Previously on sewage saga: Katherine bruised her ribs removing the coverboard of the holding tank. The leak was covered with silicone sealant, and Katherine went to bed optimistic normal toilet service had been resumed.
I woke to find the silicone sealant had not lived up to the promises on the tin. The leak persisted. I raided the cupboards to see what else I might have to plug the leak, and found a tube of super superglue. ‘It might just work,’ I mused, probably stroking my chin.
It didn’t. The bubbling continued. The only way I had a hope of getting anything to successfully plug the leak and stop the bubbling was to empty the tank of anything that could leak out of it. This thought process all took place whilst the boat was involuntarily rocking from side to side in particularly windy conditions.
Not being a patient soul (and more to the point, with people coming to stay in a couple of days), I decided to take the boat out in the gale to pump out the holding tank right then anyway. I had mild palpitations as I backed out, and the hurricane took the back of the boat towards a delicate-looking plastic boat. But I missed it, and made it out the marina without incident (my neighbour sighed with relief I imagine as she saw me pull clear of her boat). Parking next to the pump out was an altogether trickier proposition. With unhelpful onlookers (they appeared to be the kind of people who could navigate a narrowboat, but decided just to stare, and I imagine tut, at my attempts to get close to the jetty) and sweaty palms, I faffed about in the middle of the canal for what seemed like a couple of hours (it was probably 15 minutes), but finally tied up and got the tank emptied out.
I just couldn’t face trying to park the boat back in the marina, so I had two choices: leave it where it was and potentially annoy passers-by who wanted to use the pump out facilities but couldn’t because of the 57ft lump of steel in the way. Or play the helpless female card, and beg for help. Whilst I have some issues with the latter option, and the stereotype it feeds into, it was the course I took, and the lovely Richard expertly navigated Double Fracture back to her mooring. (And made it look effortless. One day, that will not be me.)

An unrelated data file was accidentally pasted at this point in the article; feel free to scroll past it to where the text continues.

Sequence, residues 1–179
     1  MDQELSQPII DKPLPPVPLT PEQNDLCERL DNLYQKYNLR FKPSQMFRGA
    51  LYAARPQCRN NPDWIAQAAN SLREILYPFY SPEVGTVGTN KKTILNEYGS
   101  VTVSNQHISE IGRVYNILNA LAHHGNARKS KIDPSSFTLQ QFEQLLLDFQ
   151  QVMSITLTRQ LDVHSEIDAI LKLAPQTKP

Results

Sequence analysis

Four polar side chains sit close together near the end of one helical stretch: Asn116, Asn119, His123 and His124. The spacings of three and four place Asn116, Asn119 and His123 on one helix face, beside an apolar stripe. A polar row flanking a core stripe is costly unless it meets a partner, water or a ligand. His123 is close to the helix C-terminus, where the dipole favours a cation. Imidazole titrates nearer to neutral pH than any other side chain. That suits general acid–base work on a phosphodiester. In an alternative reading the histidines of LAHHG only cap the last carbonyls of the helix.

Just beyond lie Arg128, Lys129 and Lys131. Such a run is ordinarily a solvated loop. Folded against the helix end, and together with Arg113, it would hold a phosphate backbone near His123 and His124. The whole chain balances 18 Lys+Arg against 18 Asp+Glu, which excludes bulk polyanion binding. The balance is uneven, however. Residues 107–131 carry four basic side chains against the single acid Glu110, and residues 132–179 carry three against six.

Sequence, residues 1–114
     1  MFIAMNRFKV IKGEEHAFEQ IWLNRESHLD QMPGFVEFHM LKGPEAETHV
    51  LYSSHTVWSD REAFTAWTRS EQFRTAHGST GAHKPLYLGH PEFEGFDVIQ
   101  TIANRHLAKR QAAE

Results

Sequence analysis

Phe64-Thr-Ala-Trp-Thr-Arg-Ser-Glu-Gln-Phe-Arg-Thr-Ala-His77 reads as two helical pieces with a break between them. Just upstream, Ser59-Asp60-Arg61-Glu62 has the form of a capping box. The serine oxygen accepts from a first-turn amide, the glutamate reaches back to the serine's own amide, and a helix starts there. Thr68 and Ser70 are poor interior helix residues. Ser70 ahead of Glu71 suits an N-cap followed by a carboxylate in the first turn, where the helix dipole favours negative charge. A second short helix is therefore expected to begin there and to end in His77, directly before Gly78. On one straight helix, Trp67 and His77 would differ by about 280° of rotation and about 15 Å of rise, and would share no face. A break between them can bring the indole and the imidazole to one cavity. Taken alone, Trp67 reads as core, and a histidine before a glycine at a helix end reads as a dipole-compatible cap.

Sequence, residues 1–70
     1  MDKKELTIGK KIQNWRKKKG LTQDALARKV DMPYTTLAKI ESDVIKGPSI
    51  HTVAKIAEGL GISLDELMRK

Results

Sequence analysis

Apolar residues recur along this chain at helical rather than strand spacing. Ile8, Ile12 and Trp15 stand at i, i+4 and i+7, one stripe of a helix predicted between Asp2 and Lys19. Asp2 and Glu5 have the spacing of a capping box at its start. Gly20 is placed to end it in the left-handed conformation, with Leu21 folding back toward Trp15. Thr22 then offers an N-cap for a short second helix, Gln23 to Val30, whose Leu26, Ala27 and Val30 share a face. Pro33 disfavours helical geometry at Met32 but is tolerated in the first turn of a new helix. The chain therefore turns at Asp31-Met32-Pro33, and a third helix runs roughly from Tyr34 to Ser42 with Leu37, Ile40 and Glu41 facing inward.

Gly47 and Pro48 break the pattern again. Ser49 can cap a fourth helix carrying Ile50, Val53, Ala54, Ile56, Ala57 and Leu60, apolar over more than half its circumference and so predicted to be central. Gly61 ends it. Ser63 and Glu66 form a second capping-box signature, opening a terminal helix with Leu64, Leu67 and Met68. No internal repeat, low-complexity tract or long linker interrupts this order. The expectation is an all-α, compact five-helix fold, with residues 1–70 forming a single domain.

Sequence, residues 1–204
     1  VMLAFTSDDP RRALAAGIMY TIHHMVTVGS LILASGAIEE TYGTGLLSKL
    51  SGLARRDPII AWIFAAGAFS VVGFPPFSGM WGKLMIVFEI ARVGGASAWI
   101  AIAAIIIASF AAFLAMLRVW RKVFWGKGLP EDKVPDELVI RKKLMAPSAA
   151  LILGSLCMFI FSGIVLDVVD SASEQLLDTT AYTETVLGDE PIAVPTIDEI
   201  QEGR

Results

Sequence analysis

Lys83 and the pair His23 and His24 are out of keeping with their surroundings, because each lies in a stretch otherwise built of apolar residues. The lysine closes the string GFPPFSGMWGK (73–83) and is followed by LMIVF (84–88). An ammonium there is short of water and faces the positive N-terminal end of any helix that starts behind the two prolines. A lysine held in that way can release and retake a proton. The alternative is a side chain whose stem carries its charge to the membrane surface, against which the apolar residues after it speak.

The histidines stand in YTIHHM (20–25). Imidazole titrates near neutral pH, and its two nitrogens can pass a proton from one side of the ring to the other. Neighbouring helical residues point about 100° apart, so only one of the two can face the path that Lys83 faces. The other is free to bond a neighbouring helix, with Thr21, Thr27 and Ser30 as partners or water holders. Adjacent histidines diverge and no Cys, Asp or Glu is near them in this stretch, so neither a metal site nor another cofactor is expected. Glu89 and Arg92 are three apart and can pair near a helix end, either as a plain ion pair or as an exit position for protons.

Tank empty, I applied liberal amounts of super superglue around the plastic square. It dried, and then I slathered on some silicone sealant. And lastly I screwed the coverboard on and resolved never to use the pump out toilet ever again as it is just more hassle than it is worth. That resolution will hold strong until my cassette toilet needs emptying, and I can’t be bothered to carry it across the road to the appropriate disposal facilities.
So I don’t actually know if I have actually fixed the leak. I like to think so though. And whilst there is no evidence to the contrary, that will be the official line.
This blogpost was brought to you by ‘Human‘ by the Killers.
*I really wanted to come up with a witty play on words, or failing that, a play on words involving the word ‘trilogy’ and something toilet-related. Any suggestions would be gratefully received, and the best will receive a homemade Double Fracture sticker. Quite the incentive, I know.